The combined impact and influence of imperialism, colonialism, neo-liberalism and globalisation

By Dr Stephen Whitehead

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Georgios Domouchtsidis

TAKEAWAYS

  • The forces of imperialism, colonialism, neo-liberalism and globalisation have been an integral in shaping Vietnamese education.
  • Due to suffering from multiple imperial and colonial powers, Vietnamese education is a complex hybrid of local and international influences.
  • The summarised paper shows how local dimensions blend with internationalisation through outbound academic mobility, institutional mobility, model borrowing, and curriculum importation.

The Thai spell caused me to fall in love with that country.

But the spell which caused me the most personal reflection, and confusion, was the one cast by Vietnam.

If you are a Westerner of a certain age, a person for whom Apocalypse Now is not just a brilliant movie but a potent symbol of a lived era, then it’s impossible to visit Vietnam today without being forced to reappraise one’s understanding of both Western and Asian histories and realities. …


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Sam McGhee on Unsplash

At the start of 2020, international schools were looking down the barrel of a teacher shortage, with schools hiring earlier and earlier and paying more and more.

The demand for teachers in certain regions was almost insatiable.

Today, all that has disappeared. The rules of international school recruitment have changed.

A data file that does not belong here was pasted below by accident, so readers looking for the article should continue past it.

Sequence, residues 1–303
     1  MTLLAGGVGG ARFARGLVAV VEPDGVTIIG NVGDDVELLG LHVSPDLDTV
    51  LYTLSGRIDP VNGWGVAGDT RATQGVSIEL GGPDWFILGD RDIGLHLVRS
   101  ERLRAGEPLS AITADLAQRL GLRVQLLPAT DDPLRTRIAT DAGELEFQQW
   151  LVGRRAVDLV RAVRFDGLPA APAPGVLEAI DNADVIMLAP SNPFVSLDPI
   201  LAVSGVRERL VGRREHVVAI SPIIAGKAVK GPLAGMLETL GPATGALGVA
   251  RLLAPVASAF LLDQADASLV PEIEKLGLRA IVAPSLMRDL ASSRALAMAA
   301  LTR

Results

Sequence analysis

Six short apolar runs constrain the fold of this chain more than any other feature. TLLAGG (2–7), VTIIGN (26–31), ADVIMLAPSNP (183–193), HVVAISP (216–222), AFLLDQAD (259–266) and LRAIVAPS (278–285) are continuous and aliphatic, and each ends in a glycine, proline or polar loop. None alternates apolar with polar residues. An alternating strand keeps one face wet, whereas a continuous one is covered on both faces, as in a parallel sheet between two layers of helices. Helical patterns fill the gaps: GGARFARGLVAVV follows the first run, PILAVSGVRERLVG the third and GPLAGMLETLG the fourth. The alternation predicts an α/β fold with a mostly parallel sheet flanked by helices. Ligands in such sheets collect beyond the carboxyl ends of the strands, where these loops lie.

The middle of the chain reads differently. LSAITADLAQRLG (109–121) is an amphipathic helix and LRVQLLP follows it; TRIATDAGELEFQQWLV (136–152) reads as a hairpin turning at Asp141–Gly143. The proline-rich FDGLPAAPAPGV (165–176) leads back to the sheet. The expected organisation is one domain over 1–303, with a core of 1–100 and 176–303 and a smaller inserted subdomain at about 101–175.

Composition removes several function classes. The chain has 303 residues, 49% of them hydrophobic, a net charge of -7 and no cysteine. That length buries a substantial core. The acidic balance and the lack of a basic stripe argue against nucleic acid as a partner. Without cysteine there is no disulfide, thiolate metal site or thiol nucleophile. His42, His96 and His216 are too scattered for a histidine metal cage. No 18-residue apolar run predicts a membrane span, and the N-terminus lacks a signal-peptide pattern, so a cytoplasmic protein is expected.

In this informative interview, Diane discusses:

• the new teacher recruitment marketplace;

• the ways in which international schools are responding to the Covid-19 crisis;

• how new and experienced teachers can best protect their career journey;

• what international schools are now looking for when hiring teachers;

• and how the international school landscape looks to be shaping up for 2021.


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Denys Nevozhai on Unsplash

Dr Stephen M. Whitehead (views are author’s own)

There is an internationally renowned UK university, positioned high up the global rankings, facing an income shortfall of over £50 million. Not because of financial mismanagement but simply become of Covid-19.

And this university is not alone.

Calculations of the financial position of all UK universities suggest that up to 50% are in ‘immediate danger of insolvency’ with only Oxford and Cambridge truly safe from financial disaster.

But at least UK universities are receiving some verbal support from politicians. Not so across the water, where American universities are facing a US$15 billion hit as Chinese students decide to stay away because of Covid-19, a problem exacerbated by the Trump administration’s apparent determination to stop most any Chinese students entering the country. …

About

Dr Denry Machin

Educationalist. Writer. Sharing (hopefully wise) words on school leadership and management.

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